Nitties, Glover grab lead as Mickelson struggles at FBR OpenJan 30, 2009 - 2:18 AM SCOTTSDALE, Arizona (Ticker) -- Australian James Nitties and Lucas Glover posted rounds of 6-under-par 65 to take the lead during Thursday's first round of the $6 million FBR Open, which was suspended due to darkness.
Nine players have yet to conclude their rounds and will finish at 8 a.m. Friday before second round play begins as scheduled.
Looking nothing like the player who missed the cut in the first two events this year, Nitties enjoyed a big start at the TPC Scottsdale, reeling off four straight birdies from Nos. 3-6. After his lone bogey, he immediately responded with another birdie at the par-4 eighth hole.
"I hit it pretty solidly, obviously. I putted well today, fixed a little bit of my putting issues last week," Nitties said. "I didn't really get into too much trouble all day, and if I did, I'd sort of make the smart decision, and it sort of worked together well."
Nitties was consistent on the back side before birdies at Nos. 17 and 18 vaulted him into the clubhouse lead.
Glover, who started his round on the back nine and recorded pars on his first three holes, registered six birdies and a bogey. After birdying Nos. 13, 15 and 16, he suffered the lone bogey of his round on the par-4 17th hole.
"Any course like this, you hit it in the wrong place, you've got to be careful," Glover said. "But they grew it (the rough) up on us this year, and it looks like some of the fairways are pinched in a little bit. Either that, or it's just higher in places."
The American concluded his first nine holes with a birdie on No. 18, then birdied Nos. 1, 4 and 6 in a bogey-free front nine.
Phil Mickelson's 2009 debut got off to a rocky start in a tournament that has earned him $2,455,813 in 17 previous appearances.
A local favorite after playing his college golf at Arizona State and capturing the title here in 1996 and 2005, Mickelson posted a 5-over 76 to place him in a tie for 121st.
"Well, it really wasn't what I was hoping for," Mickelson said. "I guess that's a good way to say it.
"I had three penalty shots. That hurts. But it didn't feel that far off. I felt like I hit the ball pretty solid. I was hitting it hard. I had some good speed. I just didn't have it obviously going very straight."
After opening his round with a double bogey, he rebounded with a birdie on the par-5 third hole. Things got ugly from there for Mickelson, who recorded a bogey on No. 6 before another double on the par-4 ninth and back-to-back bogeys on Nos. 10 and 11.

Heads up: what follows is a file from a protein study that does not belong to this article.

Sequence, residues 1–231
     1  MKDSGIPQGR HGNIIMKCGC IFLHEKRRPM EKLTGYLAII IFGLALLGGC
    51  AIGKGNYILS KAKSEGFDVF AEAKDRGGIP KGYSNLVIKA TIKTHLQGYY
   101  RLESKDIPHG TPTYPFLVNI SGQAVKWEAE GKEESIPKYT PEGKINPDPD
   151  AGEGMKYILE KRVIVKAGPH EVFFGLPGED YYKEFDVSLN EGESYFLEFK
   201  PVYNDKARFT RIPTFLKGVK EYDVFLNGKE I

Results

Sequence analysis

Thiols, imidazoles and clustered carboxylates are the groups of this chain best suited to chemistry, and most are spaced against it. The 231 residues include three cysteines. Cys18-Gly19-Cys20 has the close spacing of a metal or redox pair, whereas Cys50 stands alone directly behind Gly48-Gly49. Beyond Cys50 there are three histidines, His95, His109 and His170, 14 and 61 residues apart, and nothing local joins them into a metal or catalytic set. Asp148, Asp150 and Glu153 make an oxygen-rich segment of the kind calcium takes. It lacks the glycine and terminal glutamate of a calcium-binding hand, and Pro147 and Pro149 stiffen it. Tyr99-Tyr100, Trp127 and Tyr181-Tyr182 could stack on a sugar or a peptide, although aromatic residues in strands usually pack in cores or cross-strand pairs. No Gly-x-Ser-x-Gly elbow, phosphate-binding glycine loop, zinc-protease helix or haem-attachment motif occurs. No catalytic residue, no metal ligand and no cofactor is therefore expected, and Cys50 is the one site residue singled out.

"I feel like I can come back out tomorrow and shoot a good round and play the weekend," Mickelson said. "I probably have to shoot about 5-under, but that doesn't feel out of the question, even though the first-round scores might look disgusting. But it doesn't feel far off."
David Berganio, Jr. and Charley Hoffman carded rounds of 66 to put themselves within one shot of the lead heading into the second round.
Berganio, who started his round on the back nine, enjoyed a hot start as he birdied four of his first five holes, including three straight from Nos. 12-14. He added his final birdie of the day after making the turn at the par-4 first hole.
Hoffman, coming off a tie for 19th last week at the Bob Hope Classic, birdied two of his first three holes on the front side. He also had success on the back side, birdying Nos. 10, 13 and 15.
"If you keep the ball in the fairway here you can attack some of the pins and make some birdies," Hoffman said. "Luckily enough I was able to keep the ball in the fairway the majority of the time, which obviously gave me some birdie chances, and took advantage of the par-5s and birdied all of them."
J.B. Holmes, attempting to win this event for a third straight year, started his round on fire on the back nine. Following a birdie on No. 11 and a bogey on the par-3 12th hole, Holmes birdied five straight holes to climb the leaderboard.
However Holmes, who defeated Mickelson in a playoff last year, lost all momentum on the front nine, registering four bogeys without a birdie to card a 1-under 70.
First prize is $1.08 million.
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